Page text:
I noticed that young people are not close to the evening style of clothes. Maybe because there are rarely dress up occasions (especially school proms) where you have to follow some dress code. I know from action that today’s youth need to remember how to dress for the theater or for other occasions, they must be encouraged to dress up. After all, it is the young generation that brings all the innovations in fashion. nonetheless, for most young people today, the classic, evening dress style seems like rocket science, even though it is the springboard and foundation for most other styles. And while virtual reality has not completely taken us over, classic and evening wear is still popular around the world.

It’s strange to remember now, but in my youth, like most of my friends, I used to take my shoes to the Opera and Ballet Theater in a bag to change them – it was a matter of course. Today we don’t see it anymore and we don’t need it anymore, but we can try to create a celebration for ourselves and give another meaning to the devalued events, especially the first opera.

Many people have heard about the dress code black tiesame grit…

I noticed that the specified dress code restricts people, squeezes them into frames, and after all, no one wants their clothes to become a headache. These codes are especially scary for people who cannot afford luxury clothes: the more luxuriously one wears, the worse the other feels. But strict black tie there are more obstacles to fit in our society: the time spent to find the right clothes, the weather conditions – the tuxedo needs the right clothes, shoes, etc. Therefore, nowadays the dress code is relaxed, not so strict, it allows you to interpret them in your own way, adapting to your personality and lifestyle. In the case of the contract black tie can be seen as formal wear: an evening suit (black) for men, a cocktail dress or evening trousers or skirt wear for women. I think that such a task can be overcome by everyone.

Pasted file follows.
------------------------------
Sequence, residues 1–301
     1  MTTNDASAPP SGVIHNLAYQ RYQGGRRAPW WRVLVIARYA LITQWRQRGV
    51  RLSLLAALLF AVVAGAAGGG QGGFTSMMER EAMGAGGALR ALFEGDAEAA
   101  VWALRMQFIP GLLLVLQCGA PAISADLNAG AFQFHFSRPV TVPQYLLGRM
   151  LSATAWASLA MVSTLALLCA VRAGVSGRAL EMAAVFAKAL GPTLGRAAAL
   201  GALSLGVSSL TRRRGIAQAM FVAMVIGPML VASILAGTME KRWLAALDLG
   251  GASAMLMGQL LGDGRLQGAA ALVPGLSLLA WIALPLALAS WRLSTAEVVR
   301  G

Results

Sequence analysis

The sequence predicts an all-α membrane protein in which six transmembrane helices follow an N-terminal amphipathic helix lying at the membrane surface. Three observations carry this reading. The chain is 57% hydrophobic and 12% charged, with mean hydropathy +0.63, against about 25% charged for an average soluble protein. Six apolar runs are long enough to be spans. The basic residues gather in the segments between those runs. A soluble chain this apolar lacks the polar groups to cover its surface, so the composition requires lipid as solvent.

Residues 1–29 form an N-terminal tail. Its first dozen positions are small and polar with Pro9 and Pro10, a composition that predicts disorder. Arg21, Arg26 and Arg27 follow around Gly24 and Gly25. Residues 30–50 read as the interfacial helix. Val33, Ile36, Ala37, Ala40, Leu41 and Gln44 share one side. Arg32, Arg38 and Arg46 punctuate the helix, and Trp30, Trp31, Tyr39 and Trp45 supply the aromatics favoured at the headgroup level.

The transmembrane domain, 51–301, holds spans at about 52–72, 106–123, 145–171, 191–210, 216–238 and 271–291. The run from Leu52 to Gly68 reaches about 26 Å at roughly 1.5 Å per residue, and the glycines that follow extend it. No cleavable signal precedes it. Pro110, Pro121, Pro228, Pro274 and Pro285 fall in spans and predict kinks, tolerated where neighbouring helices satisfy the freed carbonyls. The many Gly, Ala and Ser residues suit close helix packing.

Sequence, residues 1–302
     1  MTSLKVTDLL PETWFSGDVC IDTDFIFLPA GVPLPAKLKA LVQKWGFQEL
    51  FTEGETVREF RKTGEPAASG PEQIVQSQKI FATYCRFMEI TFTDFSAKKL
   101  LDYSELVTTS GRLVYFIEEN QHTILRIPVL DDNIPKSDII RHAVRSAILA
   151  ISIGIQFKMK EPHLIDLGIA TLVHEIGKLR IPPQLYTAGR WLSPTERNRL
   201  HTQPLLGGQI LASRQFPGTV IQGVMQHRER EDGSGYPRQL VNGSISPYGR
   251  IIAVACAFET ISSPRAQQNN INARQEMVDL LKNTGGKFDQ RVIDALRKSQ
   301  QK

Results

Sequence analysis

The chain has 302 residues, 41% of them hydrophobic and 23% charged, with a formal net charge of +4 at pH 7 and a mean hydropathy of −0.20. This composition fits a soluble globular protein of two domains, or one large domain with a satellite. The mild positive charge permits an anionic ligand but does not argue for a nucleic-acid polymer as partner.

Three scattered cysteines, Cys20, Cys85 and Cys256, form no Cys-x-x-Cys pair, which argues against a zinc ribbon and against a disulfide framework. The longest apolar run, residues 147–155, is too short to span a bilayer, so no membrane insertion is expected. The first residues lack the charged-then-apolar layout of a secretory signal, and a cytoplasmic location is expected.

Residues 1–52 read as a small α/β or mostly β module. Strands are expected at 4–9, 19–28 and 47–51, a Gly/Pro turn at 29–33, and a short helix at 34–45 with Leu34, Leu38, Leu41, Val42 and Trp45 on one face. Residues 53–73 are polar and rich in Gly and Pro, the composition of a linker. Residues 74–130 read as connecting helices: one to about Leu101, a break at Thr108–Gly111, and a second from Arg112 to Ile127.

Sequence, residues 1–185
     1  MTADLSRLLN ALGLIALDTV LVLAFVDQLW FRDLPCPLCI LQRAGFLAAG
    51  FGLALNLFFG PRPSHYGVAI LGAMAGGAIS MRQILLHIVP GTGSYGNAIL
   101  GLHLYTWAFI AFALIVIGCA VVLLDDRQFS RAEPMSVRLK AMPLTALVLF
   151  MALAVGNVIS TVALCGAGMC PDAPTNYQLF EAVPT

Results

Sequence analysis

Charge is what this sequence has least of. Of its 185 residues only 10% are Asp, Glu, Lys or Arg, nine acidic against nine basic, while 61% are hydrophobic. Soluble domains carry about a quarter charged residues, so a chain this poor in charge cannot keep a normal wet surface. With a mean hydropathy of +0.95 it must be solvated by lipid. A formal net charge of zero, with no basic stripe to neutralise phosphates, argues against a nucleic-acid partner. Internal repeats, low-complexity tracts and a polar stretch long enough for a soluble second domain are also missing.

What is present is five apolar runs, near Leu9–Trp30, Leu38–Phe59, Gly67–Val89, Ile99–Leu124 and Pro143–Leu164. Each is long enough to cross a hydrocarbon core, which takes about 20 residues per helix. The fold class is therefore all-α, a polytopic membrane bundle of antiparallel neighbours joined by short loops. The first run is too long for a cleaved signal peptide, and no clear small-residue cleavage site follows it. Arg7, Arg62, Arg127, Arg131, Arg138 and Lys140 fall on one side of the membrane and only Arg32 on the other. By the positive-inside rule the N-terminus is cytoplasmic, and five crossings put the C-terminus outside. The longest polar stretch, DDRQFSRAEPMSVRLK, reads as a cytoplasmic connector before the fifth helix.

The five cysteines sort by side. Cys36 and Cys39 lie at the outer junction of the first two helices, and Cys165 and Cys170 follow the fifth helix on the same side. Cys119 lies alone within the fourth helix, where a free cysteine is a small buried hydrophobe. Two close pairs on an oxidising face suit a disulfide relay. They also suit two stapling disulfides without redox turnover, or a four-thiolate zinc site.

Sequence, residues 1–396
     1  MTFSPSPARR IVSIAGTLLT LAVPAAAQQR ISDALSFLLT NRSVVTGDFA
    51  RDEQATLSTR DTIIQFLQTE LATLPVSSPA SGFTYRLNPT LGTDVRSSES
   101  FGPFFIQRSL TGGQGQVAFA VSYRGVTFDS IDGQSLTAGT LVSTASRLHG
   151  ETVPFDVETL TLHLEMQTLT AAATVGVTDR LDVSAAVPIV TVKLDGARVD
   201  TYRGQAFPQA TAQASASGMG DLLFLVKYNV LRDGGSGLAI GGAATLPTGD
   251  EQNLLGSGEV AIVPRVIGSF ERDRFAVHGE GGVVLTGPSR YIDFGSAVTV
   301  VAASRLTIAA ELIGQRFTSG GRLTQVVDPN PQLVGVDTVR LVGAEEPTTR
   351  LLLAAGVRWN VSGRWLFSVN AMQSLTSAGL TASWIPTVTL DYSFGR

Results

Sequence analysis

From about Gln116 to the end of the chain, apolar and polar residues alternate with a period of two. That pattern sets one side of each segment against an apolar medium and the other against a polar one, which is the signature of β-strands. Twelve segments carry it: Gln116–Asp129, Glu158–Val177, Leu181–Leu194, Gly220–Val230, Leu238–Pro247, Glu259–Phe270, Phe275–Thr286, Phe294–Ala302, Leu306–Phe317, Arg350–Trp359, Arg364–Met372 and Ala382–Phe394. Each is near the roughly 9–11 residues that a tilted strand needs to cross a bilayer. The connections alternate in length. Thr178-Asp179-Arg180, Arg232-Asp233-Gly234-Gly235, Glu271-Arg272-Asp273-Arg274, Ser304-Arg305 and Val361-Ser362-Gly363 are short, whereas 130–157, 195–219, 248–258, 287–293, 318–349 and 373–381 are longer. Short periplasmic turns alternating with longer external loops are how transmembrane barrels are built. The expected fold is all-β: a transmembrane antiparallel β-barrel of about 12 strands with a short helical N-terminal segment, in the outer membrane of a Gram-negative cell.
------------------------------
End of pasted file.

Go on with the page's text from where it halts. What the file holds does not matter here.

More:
Social segregation in Lithuania is still great, so showing your wealth through clothes is a sign of poor taste. For me, the Scandinavian style is more acceptable, when the wealth does not appear at all (smile). Empathy, sympathy, solidarity and the environment are still sorely lacking in Lithuania. Therefore, when decorating, you should think about how others around you will feel, if they will not be constrained by too much luxury and if you will not feel constrained yourself.